We'll try to be brief about the new porch posts, but we also want to be thorough for those who are interested. Bear with us!
Oh, and don't forget your herding dog -- this is very important! -- she'll make sure you're doing everything properly and to let you know when the power tools are too loud.
Wes's dad kindly did a lot of the prep work before heading down to help us. He used his company's woodworking shop to miter the edges of four 2"x8"s for each of the five posts. He then glued and finish nailed three sides together. These will be going around a 4"x4" support post.
The first construction step of the project is to jack up the beam supporting your porch roof so it doesn't fall on your father-in-law and husband.
With the porch supported you can then take great pleasure in removing your swirly, rusty iron columns. This was surprisingly easy, and was completed using a hammer and chisel to break off the head of the rivet. We had a grinder ready but never used it.
This little guy, we'll call him a steroidal laser pointer, was one of the most important tools we used. It shot a laser at the beam supporting the roof. After we centered the laser on the support beam we marked the location of the laser level so we could mark the location of the center of the 4"x4".
We then used a hammer drill at the previously marked location and installed the Tapcon screw. You'll see why in the next step. After you've done this measure from floor to beam so you can cut your 4"x4" to size.
This little guy is a Quick Mount Porch Post Fastener. This is used to keep your post from making contact with the concrete and water. Just center it up on the bottom of your 4"x4" and use the provided screws to attach. You'll notice it's slotted at the bottom so you can slide it into the Tapcon from the previous step and lock it into place. Take it into account when cutting your 4"x4" or you'll have to cut twice.
After locking the post in place on the bottom we centered up the top on the beam and used a level to make sure it was straight and plumb on all sides. We needed a persuader, aka sledgehammer, on some of the posts.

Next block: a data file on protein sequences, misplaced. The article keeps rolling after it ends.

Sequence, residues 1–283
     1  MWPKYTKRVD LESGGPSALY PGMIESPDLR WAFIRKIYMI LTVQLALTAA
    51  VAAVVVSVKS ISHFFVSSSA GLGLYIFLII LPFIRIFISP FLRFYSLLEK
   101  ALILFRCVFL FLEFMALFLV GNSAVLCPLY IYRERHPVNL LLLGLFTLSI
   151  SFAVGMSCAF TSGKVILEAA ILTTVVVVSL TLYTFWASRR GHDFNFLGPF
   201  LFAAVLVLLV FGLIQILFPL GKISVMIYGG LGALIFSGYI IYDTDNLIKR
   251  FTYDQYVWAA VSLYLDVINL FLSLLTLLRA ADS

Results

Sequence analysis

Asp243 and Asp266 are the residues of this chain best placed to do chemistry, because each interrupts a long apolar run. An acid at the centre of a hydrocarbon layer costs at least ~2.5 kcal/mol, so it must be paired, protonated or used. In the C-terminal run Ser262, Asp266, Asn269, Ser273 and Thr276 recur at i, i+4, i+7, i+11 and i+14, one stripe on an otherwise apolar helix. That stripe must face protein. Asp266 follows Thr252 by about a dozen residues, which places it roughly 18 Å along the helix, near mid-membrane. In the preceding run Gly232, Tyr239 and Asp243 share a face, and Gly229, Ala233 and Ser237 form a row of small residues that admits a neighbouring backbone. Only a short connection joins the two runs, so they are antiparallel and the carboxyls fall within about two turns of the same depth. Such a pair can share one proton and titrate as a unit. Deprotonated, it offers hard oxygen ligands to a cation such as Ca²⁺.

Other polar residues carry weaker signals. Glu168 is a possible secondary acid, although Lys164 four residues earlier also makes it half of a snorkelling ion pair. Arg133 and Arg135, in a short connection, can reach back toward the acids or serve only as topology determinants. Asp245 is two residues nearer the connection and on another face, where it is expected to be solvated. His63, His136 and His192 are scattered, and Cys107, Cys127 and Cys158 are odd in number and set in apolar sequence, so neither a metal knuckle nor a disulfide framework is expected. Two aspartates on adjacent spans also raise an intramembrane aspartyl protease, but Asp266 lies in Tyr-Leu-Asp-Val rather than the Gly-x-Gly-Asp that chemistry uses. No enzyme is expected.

At some point your wife/photographer might get bored and start taking pictures of bumble bees. It's okay, she'll finish raking the leaves tomorrow.
It can never be too level, especially during No-Shave November.
Oohh, almost forgot. Before you install you post you'll want to slide this top piece around it. I believe we used a 12"x12" square and just cut a 4"x4" hole in the middle. After installing the 4"x4" and the 12" piece we measured again and cut the 2"x8" "surround". Be sure to cut it about 1/2" short so it does not rest on the concrete. Then we just slid it into place around the 4"x4". We used shims in the gaps to make sure the final piece would fit perfectly into place.
After shimming and then leveling again we screwed the surround into the 4"x4", making sure that no wood was touching the concrete.
And then screwed the fourth piece into the other three to close up the column.
The next steps that I didn't get pictures of are listed below:
Install trim pieces at top and bottom
Caulk all joints
Wood putty all nail and screw holes
Sand wood putty and any sharp corners
Wipe down and paint
A few miscellaneous notes that didn't get mentioned: The edges of the trim pieces at the top and bottom were also pre-mitered. The top trim is regular pine 1"x6". The bottom is 1"x8" Hardie board which is a cementitious material that will not warp, mold, or mildew. The white plastic post support and the bottom trim are the only parts of the post that are touching the porch.